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A Hind Let Loose by Alexander Shields

Compliance and incorporation with them


Secondly,

These things being premitted, I shall offer reasons why it was necessary, in point of conscience, to refuse all the oaths hitherto tendered; and consequently conscientious sufferers upon this account will be vindicated. And first, some general reasons against all of them together, and then a word to each sort of them.

1. There is one general argument, that will condemn coming in any terms of oaths or bonds with that party, that have broken the covenant, overturned the reformation, and destroyed the people of the Lord: because such transactions with them (as hinted above) are a sort of confederacy with the known enemies of truth and godliness, importing a voluntary subjection to them, compliance and incorporation with them, as members of the same community, whereof they are acknowledged to be the head. Now all such sort of confederacy with such malignant enemies of God and of the church, is unlawful, as Mr. Gillespie demonstrates in his useful case of conscience, concerning associations and confederacies with idolaters, or any known enemies of truth and godliness. Though civil compacts for common commerce may be allowed, as Abraham was confederate with Aner, Eshcol, and Mamre, Gen. xiv. 13. Jacob covenanted with Laban by way of lawborrows, Gen xxxi. 14. But sacred confederations of this sort are unlawful from these arguments, 1. The law of God condemns them, Exod. xxiii. 32. "Thou shalt make no covenant with them, nor with their gods, they shall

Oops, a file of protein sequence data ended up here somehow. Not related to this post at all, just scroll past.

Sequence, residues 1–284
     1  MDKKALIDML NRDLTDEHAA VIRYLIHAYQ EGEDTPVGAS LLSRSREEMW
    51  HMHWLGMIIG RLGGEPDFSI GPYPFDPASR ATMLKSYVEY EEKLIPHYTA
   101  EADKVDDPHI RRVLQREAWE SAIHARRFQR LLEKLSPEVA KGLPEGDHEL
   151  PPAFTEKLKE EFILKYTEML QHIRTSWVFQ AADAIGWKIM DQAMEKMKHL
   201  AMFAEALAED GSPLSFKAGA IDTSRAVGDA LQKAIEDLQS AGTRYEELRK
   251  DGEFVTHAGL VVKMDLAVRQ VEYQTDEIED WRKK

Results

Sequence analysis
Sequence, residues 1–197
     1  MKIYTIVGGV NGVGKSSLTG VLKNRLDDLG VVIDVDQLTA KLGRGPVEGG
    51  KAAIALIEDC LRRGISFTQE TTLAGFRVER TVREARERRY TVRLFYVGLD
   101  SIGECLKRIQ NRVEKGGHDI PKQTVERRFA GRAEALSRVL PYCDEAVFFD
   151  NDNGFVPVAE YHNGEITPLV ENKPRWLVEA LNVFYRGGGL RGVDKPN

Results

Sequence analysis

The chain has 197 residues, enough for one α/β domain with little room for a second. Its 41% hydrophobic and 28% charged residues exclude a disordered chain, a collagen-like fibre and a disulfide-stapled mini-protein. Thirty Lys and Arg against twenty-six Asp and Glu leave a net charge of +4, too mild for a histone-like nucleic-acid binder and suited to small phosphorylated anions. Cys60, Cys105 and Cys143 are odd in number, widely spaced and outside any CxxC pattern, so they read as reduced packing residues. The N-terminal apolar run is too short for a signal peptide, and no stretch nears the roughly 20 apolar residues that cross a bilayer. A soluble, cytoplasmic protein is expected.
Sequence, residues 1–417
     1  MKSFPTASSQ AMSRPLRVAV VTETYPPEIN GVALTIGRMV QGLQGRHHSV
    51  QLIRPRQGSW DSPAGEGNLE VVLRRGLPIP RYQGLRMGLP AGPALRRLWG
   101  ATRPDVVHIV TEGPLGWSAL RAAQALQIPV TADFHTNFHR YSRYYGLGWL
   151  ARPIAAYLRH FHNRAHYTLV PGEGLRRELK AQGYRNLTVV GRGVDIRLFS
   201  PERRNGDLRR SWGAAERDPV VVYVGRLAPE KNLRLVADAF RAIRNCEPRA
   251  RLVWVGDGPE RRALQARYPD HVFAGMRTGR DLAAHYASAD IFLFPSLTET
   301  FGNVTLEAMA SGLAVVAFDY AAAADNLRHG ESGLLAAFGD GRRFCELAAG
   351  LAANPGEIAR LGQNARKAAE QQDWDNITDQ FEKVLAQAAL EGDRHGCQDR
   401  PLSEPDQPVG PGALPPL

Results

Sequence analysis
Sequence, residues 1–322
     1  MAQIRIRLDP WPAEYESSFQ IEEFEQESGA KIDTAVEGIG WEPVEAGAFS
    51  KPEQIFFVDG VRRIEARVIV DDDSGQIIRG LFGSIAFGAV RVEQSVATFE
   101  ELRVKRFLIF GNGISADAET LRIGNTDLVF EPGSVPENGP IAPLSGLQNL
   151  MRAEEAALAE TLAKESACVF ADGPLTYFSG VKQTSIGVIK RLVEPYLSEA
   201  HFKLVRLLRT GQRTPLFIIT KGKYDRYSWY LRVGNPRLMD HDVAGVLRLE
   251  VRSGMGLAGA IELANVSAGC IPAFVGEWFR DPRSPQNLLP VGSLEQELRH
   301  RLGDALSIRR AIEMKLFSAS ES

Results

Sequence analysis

not dwell in thy land, lest they make thee sin against me,"----Where not only religious covenants are discharged in a toleration of the idolatry, but familiar conversation also, they shall not dwell in thy land. If then we must not suffer them, if in capacity, sure we must far less be imposed upon by them; if we are not to be familiar with heathens, far less with apostates, that call themselves Christians; for the apostle lays much more restraint from communion with them, than with Pagans, 1 Cor. v. 10, 11. The reason of the law, lest they make thee sin: as long therefore as there is that hazard of sinning, the law obliges to that caution. So Exod. xxxiv. 12,--16. "Take heed to thyself, lest thou make a covenant with the inhabitants of the land--lest it be a snare--but ye shall destroy their altars--lest thou make a covenant with them--and they go a whoring after their gods, and thou take of their daughters unto thy sons"--Here again all sacred transactions are discharged, upon a moral and perpetually binding ground, and all toleration is prohibited, and conjugal affinity. Such compliance brought on the first desolating judgment, the flood on the old world (Gen. vi. 1, 2, 3.) when the godly conformed and incorporated themselves, and joined in affinity with that ungodly crew, from whom they should have separated themselves. Likewise Deut. vii. 2, 3, 4, 5.--"Thou shalt make no covenant with them, nor shew mercy unto them, neither shalt thou make marriages with them--for they will turn away thy son from following me--so shall the anger of the Lord be kindled against you--but thus shall ye deal with them, ye shall destroy their altars." Where all transactions with a people devoted to destruction are discharged, even that of toleration of malignant enemies, according to which precept, "David resolved to destroy early all the wicked of the land, and cut off all wicked doers, from the city of the Lord," Psal. ci. 8. Mark this, all, of what degree or quality soever, without respect of persons. And lest it should be thought this is meant only of these seven nations there enumerate, the law is interpreted by the spirit of God or many other nations; where Solomon is condemned for joining in affinity with other wicked people, besides these, 1 Kings, xi. 1, 2. So that it is to be understood generally, against confederacies


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